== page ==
• World Prison Brief lists prison population rates per 100,000 residents of each country ~ U.S.tops the list with 743 prisoners per 100,000 residents, followed byRwandawith 595, theRussian Federationwith 559.
  • Reports from the Bureau of Justice Statistics show an estimated 4.3 million violent crimes, 15.6 million property crimes, and 133,000 personal thefts were committed againstU.S.residents age 12 or older in 2009. This equates to more than 20,033,000 victims. **
       Although we can look at statistics and get a glimpse of the tragedy and heartbreak that surrounds our justice system, we are a people called to respond to the hurt and brokenness in the world and in our community. It is important that we note that prison growth and higher incarceration rates do not reflect a matching increase in crime, nor is there a corresponding swelling in the nation’s population at large.
       Instead, what we see is that more people are behind bars largely because of a wave of public policy choices that are sending more lawbreakers to prison. In addition, because of popular “three-strikes” measures and other sentencing laws, longer prison stays are being imposed on inmates.
       In some areas lawmakers are experimenting with a range of community punishments that are as effective as incarceration in protecting public safety. These include a mix of community-based programs such as day reporting centers, treatment facilities, electronic monitoring systems and community service. In addition, recidivism rates have proven to be positively impacted through faith-based programs.
       During the next few editions of the North Georgia Advocate we will have the opportunity to highlight the various facets of criminal justice ministry and how each of us can make an impact for Christ in these areas.
         In scripture we read, “He has told you, O mortal, what is good; and what does the Lord  require of you but to do justice, and to love mercy, and to walk humbly with your God?” ~ (Micah 6:8)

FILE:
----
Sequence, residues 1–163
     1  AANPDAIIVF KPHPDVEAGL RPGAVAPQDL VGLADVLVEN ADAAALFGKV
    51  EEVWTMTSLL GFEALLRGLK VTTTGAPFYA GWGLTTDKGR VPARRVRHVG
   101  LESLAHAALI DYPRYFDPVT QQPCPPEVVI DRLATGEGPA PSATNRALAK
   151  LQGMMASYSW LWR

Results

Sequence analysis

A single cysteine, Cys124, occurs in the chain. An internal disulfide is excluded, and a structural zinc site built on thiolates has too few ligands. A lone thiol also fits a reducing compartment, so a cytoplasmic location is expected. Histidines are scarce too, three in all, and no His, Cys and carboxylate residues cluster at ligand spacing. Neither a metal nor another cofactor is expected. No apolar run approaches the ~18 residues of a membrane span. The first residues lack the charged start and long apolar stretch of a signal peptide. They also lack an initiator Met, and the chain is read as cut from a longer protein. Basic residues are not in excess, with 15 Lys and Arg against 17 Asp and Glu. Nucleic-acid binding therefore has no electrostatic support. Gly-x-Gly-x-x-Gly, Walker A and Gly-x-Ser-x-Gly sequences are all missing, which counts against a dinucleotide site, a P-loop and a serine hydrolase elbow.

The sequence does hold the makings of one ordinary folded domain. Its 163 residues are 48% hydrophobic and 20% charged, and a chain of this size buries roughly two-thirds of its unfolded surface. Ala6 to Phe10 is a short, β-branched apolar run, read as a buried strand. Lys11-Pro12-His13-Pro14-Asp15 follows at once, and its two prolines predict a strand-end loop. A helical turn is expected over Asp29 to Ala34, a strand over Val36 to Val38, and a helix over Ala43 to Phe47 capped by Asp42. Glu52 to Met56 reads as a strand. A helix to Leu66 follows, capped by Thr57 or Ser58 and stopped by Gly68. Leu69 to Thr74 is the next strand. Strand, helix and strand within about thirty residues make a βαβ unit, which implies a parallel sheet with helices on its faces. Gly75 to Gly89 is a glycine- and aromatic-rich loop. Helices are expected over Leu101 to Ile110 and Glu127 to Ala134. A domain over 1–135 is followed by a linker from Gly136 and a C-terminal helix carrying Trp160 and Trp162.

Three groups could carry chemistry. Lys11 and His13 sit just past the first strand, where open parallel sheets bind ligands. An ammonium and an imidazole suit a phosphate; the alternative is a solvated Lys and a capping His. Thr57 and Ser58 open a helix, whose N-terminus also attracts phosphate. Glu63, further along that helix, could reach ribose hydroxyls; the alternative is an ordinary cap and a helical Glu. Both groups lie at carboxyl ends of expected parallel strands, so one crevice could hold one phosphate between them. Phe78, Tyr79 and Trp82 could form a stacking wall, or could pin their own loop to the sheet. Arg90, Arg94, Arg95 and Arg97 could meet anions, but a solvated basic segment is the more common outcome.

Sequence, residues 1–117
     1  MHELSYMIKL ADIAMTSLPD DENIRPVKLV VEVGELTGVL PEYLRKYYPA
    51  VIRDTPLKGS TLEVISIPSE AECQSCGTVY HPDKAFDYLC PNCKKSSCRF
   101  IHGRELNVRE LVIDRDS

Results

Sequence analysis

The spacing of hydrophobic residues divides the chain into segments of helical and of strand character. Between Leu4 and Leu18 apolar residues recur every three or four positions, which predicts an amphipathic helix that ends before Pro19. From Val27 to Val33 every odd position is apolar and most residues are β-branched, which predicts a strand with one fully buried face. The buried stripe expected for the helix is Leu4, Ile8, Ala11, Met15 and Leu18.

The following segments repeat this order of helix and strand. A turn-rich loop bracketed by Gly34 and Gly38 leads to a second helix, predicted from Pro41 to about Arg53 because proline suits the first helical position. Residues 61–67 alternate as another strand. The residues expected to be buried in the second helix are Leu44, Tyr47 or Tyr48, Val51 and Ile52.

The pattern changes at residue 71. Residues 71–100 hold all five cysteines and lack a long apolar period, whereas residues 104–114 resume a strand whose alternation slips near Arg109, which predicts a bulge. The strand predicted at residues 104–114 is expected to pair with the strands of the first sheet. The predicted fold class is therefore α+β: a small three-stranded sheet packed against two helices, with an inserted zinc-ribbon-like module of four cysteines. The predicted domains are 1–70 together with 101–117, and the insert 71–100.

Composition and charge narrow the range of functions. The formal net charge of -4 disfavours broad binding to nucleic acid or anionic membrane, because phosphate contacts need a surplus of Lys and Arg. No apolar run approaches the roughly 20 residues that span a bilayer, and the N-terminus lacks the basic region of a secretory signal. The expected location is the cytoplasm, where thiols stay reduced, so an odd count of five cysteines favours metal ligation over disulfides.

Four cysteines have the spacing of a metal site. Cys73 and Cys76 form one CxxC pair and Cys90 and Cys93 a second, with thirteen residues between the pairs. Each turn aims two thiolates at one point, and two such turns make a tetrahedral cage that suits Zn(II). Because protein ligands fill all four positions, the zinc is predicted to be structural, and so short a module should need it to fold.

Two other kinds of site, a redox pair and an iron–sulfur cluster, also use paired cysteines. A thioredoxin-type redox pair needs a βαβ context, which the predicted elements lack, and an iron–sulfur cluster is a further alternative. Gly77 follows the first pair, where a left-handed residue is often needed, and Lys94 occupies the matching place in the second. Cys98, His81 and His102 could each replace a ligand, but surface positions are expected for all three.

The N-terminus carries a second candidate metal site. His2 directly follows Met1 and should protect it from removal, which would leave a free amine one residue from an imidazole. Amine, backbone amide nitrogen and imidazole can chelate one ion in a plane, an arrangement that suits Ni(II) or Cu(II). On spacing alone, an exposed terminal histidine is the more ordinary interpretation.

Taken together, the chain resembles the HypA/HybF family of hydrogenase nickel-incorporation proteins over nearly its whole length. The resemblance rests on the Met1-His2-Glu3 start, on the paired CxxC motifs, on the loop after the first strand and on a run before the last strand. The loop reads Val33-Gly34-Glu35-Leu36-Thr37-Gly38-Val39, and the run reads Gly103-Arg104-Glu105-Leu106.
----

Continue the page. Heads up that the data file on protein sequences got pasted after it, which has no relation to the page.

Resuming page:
In this journey we will look at the many ways people in our churches and in our conference have extended the grace of God by doing justice, loving mercy and walking with God.
By: Rev.Pat

They Went Before Us to Show Us the Way ~ John Wesley’s Bust

John Wesley’s Bust

Croly, the famous artist, was showing Lord Shelburne his collection of busts, and said to him: “My lord, perhaps you have heard of John Wesley?” “Oh, yes,” Lord Shelburne replied, “he – that race of fanatics!” Then Croly related how he had entreated Wesley in vain to permit a bust to be made of him, until one day he offered Wesley ten guineas for a ten-minute sitting. Wesley accepted, and taking off his coat, he lay on the sofa. In eight minutes Croly had “the most perfect bust I had ever taken,” and immediately paid Wesley the ten guineas. Wesley exclaimed: “I never till now earned money so speedily; but what shall I do with it?”

At once Wesley crossed over Westminster Bridge, where a woman and her three children were crying bitterly, because her husband was being dragged off to prison for a debt of eighteen shillings. Wesley’s gift of a guinea solved her problem and saved the family from misery. He then went to Giltspur Street Compter prison and asked the jailer to show him the most miserable person in his charge, who proved to Continue reading

The Way We Might Really Sing Hymns…

Ahhh, those old traditions! We criticize the praise songs of contemporary worship but if we were really being honest, wouldn’t our old, traditional hymns be more like this?

  • I Surrender Some
  • There Shall Be Sprinkles of Blessings
  • Fill My Spoon, Lord
  • Oh, How I Like Jesus
  • He’s Quite a Bit to Me
  • I Love to Talk About Telling the Continue reading